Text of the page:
The Return Of The Native

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Native Trail | Racingfotos.com

Since Charlie Appleby took up the mantle at Moulton Paddocks in 2013, Godolphin's fortunes on British soil have been back on the rise and there is no greater exponent of that trend than Saturday's G1 QIPCO 2000 Guineas leading light Native Trail (GB) (Oasis Dream {GB}). The way Appleby's runners have been sweeping up the Spring's black-type contests so far this term is reminiscent of the days when Henry Cecil's Warren Place was at its height and provides further evidence that Ballydoyle has a heavyweight of mutual prowess to trade blows with in these times. Native Trail, who may have been compromised if anything by having only seven furlongs to run over at two, looks the proverbial “good thing” that the yard's Pinatubo (Ire) (Shamardal) turned out not to be in this two years ago.

Simon Rowlands, in his excellent “Sectional Spotlight” feature on attheraces.com, is clear as to the hot favourite's advantage over his peers. “What sets him apart most is [a] giant stride, of a magnitude usually seen only in champions,” he stated in his most recent piece, having measured it at “a peak of 27.3 feet when 24.5 feet is the global average for flat horses”. He calls this “monster territory” and that is what the other 14 Guineas pretenders are up against.

 

Leading The Chase

OK, so what gets near the huge-striding royal blue colossus? Maybe Ballydoyle's G1 Vertem Futurity Trophy winner Luxembourg (Ire) (Camelot {GB}), who with his similarly unbeaten tag is at least a worthy opponent. His electric finishing surge in a weak-looking renewal of the G2 Beresford S. provoked memories of the race's recent winners Sea the Stars (Ire), St Nicholas Abbey (Ire) and Saxon Warrior (Jpn) and he is undoubtedly the chief threat to Native Trail. Aidan O'Brien has taken on clear division-leaders Xaar (GB), Dubawi (Ire) and New Approach (Ire) in the past and managed to subdue them in this, so he knows more than most what it takes to down champions not hailing from the Rosegreen pantheon. There is every chance Luxembourg is a rare talent. Professional but not scintillating at Doncaster, he gave us a glimpse of his material in the Beresford where it was notable how old hand Seamie Heffernan reacted. Not renowned for his tendency to hype, he was abuzz in the winner's spot on that occasion.

 

According To Ryan

Another who errs on the side of caution when in analysis, Ryan Moore's unspoken gestures are often the ones to focus on and it is surely the case that almost nobody expected him to side with Point Lonsdale (Ire) (Australia {GB}) over Luxembourg. Famously a man of few words, his Betfair blog can be read as a subtle warning. “We expect him to make his presence felt,” he said of the Westerberg flag-bearer as he prepares to halt Team Godolphin's momentum. Interestingly, he had insight to offer on the speed aspect of the race, Perfect Power (Ire) (Ardad {Ire}). “I think the faster 2-year-olds were some way inferior to their staying counterparts,” he states.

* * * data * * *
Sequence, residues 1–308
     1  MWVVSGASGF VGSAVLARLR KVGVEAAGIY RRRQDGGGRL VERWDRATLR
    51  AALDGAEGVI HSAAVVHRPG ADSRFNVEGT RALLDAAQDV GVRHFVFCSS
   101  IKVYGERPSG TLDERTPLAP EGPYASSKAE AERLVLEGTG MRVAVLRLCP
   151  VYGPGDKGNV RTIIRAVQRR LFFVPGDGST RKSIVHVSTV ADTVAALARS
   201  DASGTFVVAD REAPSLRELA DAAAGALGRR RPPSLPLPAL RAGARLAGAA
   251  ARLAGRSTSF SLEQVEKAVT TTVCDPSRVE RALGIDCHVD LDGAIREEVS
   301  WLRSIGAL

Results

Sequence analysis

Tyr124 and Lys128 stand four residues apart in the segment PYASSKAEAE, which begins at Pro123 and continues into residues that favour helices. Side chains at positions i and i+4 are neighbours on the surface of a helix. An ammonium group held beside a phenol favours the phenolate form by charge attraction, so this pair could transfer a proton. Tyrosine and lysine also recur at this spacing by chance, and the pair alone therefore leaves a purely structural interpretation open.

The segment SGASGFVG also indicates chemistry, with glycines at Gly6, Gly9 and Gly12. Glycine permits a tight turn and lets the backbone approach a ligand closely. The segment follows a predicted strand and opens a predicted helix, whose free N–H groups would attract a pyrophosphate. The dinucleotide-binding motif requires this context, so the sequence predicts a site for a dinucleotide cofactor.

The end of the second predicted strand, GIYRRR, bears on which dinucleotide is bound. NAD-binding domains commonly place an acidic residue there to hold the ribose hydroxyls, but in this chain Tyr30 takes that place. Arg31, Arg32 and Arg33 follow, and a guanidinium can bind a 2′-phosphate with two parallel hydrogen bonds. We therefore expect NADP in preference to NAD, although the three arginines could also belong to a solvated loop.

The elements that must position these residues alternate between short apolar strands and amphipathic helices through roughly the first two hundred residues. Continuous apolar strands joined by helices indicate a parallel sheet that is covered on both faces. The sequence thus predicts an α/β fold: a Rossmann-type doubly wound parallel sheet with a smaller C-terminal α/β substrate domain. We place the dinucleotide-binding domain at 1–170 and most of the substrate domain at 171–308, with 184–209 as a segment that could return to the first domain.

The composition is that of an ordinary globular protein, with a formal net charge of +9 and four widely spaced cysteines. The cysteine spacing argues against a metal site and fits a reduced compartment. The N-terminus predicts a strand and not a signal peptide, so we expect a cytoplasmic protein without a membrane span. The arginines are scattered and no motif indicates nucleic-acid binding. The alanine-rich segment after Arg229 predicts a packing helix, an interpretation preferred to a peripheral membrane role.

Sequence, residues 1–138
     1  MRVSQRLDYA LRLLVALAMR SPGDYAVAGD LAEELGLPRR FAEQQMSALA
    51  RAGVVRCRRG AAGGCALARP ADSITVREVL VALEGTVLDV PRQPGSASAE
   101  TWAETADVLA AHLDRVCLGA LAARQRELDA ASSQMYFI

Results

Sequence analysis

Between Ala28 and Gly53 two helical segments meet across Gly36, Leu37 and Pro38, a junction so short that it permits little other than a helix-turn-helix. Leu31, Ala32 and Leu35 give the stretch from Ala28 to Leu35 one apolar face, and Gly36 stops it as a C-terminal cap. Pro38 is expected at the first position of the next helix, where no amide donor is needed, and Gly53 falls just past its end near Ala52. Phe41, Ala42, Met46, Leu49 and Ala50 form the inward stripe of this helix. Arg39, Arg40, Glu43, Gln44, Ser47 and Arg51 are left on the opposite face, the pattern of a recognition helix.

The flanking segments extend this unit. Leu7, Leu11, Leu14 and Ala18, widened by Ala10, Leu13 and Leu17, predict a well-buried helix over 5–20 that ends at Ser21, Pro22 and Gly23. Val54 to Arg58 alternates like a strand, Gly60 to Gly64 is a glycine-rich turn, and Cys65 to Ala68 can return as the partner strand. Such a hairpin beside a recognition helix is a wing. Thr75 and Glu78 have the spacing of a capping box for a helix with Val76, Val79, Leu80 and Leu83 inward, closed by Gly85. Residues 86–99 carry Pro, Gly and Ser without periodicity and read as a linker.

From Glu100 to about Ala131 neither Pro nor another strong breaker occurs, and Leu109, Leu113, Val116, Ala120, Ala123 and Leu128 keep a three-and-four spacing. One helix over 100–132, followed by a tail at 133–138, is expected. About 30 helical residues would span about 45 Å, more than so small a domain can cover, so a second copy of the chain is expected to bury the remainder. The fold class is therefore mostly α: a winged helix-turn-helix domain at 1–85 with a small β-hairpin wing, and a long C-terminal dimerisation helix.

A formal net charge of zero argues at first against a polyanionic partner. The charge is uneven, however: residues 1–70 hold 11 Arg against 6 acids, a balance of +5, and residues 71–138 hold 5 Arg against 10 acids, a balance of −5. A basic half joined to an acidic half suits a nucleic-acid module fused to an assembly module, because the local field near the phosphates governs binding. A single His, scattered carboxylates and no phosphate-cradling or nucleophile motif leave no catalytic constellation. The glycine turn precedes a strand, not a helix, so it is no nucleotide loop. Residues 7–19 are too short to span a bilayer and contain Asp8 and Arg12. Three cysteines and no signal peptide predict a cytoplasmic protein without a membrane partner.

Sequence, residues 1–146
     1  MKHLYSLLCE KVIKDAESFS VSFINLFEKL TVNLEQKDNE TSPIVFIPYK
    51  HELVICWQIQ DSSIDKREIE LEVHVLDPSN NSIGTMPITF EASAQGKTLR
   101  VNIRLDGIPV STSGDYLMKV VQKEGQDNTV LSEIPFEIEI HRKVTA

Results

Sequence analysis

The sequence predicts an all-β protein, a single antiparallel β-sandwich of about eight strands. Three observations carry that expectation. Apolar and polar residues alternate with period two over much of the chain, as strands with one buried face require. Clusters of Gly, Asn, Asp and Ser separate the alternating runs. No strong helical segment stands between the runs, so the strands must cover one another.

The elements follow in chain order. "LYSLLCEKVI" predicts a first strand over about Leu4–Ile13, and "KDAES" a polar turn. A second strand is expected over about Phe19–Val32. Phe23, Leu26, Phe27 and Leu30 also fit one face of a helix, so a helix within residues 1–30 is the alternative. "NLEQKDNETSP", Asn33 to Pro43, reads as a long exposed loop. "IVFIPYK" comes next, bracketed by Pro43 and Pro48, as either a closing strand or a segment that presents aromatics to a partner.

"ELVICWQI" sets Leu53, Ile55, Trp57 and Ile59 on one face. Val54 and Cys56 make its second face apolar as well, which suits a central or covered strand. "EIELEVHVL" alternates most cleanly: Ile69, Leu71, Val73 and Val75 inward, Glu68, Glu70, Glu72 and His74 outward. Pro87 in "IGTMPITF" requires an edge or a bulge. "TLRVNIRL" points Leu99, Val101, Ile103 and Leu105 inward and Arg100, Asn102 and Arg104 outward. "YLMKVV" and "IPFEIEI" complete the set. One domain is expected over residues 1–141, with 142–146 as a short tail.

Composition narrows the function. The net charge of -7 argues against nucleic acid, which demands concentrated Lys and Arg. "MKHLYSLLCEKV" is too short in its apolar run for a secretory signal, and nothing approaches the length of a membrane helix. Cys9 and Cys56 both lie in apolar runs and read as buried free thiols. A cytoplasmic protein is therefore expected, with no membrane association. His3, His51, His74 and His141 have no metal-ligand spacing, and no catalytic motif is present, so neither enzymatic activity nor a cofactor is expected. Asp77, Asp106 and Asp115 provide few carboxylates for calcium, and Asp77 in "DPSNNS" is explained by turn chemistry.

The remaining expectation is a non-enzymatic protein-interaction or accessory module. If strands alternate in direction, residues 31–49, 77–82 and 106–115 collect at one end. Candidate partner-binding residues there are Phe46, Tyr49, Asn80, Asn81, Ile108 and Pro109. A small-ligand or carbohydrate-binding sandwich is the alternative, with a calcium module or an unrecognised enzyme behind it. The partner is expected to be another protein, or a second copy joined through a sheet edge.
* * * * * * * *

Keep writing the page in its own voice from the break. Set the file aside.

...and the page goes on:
The Coroebus Dilemma

Godolphin's burgeoning talent Coroebus (Ire) (Dubawi {Ire}) is here very much on merit, but seems to be viewed as a longer-term prospect in the shadow of Native Trail and this education will not be lost on him. If he had one major weakness at two it was his painful honesty, seen most tellingly as he ripped off passing halfway in the G2 Royal Lodge S. before being eventually dragged back by Royal Patronage (Fr) (Wootton Bassett {GB}). Held on to for longer over the same course and distance in the G3 Autumn S., the bay who bears a resemblance to his sire has significant ground to make up on Native Trail on every score and it will be James Doyle's task to play the waiting game drawn as far away from his stablemate as is possible.

 

Winter Bloomers

Few would have predicted that Eydon (Ire) (Olden Times {GB}) and Checkandchallenge (GB) (Fast Company {Ire})–from contrasting ends of the ownership and training spectrum in Prince Faisal and Roger Varian and Andrew Hetherton and William Knight respectively–would be live Guineas outsiders when making their all-weather debuts in the colder months. The former was beaten in a Newcastle novice Feb. 19 before taking a huge leap forward in the nine-furlong Listed Feilden S. at Newmarket, while the race's fairytale horse Checkandchallenge was all style in Newcastle's Listed Burradon S. David Egan rates Eydon, whose state of wellbeing has forced connections' hands into putting him in this picture. “We went a slow pace in the Feilden, he had to show a lot of speed to get into the race and he did everything with ease.”

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